Nature in India

Lotus flowers – of many layers of cultural significance and purity of perception

Just like roses are heavily overused in western culture, lotus flowers are rather cliched in the the east. It’s difficult to keep one’s perception pure when something is coated with so many layers of cultural significance. However, when I see carefully placed tender petals of a lotus flower, I can’t help admiring it, and my admiration is nothing more than genuine appreciation of its beauty.

But of course, just like with anything else in life, the rule of the golden mean is applicable here as well – there is no need to reject the culture that nurture a person for the sake of expressing their individuality.

It doesn’t matter whether one admires a flower just because it’s beautiful or because it’s a symbol of purity in Buddhism. What matters is whether a person really likes it or whether they were taught to think they like it.

A beautiful lotus from the Dadar flower market
A beautiful lotus from the Dadar flower market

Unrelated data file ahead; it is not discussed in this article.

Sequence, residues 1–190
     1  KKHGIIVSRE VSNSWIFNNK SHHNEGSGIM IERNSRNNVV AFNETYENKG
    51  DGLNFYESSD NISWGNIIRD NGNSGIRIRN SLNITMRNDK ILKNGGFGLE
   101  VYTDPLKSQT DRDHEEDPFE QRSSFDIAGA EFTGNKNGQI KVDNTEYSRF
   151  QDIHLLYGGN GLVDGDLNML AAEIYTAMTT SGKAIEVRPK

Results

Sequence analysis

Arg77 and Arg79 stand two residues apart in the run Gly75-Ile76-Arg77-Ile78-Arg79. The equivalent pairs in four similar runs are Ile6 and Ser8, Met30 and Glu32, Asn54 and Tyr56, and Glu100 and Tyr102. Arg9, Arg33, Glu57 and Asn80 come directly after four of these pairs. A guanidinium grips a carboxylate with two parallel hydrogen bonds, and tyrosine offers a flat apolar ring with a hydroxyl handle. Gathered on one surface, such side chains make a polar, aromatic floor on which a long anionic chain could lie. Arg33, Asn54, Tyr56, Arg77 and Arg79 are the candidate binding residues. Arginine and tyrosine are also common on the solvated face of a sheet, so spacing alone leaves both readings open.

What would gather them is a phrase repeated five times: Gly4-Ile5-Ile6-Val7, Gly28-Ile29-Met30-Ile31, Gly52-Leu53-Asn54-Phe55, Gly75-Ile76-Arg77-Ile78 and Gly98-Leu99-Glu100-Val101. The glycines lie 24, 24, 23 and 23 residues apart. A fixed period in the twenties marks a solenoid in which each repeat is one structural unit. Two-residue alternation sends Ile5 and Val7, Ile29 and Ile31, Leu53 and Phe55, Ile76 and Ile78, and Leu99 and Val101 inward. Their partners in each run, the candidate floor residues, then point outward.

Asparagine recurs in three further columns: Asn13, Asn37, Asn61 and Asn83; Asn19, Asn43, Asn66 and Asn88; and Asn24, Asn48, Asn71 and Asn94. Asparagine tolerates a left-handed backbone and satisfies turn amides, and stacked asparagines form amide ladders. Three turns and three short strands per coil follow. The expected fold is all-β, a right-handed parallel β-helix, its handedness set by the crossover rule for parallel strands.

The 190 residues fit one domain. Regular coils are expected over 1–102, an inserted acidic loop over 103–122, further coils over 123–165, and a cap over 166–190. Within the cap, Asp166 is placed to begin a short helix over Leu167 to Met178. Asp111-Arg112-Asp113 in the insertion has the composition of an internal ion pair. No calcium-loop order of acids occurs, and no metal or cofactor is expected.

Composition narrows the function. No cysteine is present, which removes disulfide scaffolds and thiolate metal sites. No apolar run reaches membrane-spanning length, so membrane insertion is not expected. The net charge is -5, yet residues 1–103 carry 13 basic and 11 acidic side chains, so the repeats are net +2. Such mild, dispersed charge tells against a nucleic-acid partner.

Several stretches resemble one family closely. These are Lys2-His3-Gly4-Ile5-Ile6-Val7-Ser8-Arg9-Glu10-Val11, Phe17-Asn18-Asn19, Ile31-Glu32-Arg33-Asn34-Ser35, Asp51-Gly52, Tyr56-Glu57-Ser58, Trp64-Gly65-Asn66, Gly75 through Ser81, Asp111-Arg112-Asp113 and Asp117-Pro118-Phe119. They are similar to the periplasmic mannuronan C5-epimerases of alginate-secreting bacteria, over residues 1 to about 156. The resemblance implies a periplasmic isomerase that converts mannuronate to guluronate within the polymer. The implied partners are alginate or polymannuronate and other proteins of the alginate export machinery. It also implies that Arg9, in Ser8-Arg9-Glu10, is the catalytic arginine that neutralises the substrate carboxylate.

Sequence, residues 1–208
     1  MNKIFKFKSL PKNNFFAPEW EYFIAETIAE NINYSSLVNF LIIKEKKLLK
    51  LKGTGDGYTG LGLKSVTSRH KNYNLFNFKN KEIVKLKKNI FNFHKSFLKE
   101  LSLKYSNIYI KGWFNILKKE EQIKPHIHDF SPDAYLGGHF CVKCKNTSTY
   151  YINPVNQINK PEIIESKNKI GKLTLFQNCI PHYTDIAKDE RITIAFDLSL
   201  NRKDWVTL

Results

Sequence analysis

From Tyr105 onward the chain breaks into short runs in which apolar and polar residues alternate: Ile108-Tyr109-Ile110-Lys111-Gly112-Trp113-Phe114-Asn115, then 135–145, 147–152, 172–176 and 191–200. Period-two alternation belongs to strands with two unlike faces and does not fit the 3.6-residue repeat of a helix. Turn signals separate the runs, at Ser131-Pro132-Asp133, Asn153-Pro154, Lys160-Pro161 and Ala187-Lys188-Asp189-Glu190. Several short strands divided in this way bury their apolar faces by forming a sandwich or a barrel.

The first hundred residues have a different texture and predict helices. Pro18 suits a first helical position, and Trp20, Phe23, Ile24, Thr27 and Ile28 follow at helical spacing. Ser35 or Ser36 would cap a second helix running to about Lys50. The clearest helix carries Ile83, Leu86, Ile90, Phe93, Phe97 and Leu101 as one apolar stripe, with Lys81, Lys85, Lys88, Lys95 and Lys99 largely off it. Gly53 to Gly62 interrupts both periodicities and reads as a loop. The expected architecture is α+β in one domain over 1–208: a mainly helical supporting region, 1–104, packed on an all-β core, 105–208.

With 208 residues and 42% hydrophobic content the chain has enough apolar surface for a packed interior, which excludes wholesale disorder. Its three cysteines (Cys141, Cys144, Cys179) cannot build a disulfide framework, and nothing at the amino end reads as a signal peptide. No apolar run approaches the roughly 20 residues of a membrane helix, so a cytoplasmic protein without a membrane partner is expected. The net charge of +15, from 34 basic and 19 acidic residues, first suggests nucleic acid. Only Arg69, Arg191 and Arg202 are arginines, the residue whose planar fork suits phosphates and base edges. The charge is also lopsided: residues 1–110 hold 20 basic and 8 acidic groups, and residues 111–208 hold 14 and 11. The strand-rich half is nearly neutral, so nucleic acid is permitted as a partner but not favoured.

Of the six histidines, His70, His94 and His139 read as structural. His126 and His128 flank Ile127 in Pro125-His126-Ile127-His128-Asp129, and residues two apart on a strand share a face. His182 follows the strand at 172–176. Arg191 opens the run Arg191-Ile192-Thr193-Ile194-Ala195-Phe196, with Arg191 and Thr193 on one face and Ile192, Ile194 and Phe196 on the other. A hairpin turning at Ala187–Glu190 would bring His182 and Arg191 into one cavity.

Anyway, the cultural significance of the lotus is interesting indeed. The fact that the lotus flowers rise from the muddy water and their delicate blooms are untouched by the substance they grew from has had a strong influence on the art forms and religious believes of different nations for thousands years. In ancient Egypt they used to symbolize a rebirth of the sun. Many Hindu gods, including Shiva and Brahma, are often represented seated on a giant lotus flower. According to a legend, lotuses bloomed wherever the Buddha walked. In China a good relationship is compared to the stem of a lotus, because it bends easily but is hard to break.

Almost every part of the lotus plant is used in a number of Asian cuisines. The crunchy roots can be fried, boiled or marinated. They have a pleasant taste and a host of health benefits. The leaves are edible when young, and when they mature, people usually use them as food wrappers or improvised plates. The seeds are rich in proteins and carbohydrates and can be either roasted or ground into flour. Or even popped like popcorn. The stamens are used for some exotic tea recipes, and petals – for garnishing stews and soups.
Lotus is known not only for the beauty and purity of its petals, but also for the hardiness and longevity of its seeds. A dry and well preserved seed an be germinated even after hundreds of years. So, there is very little chance my descendents won’t be able to see a flower as beautiful as the one we saw in a little pond in the Nerul Rock Garden:
Lotus 1
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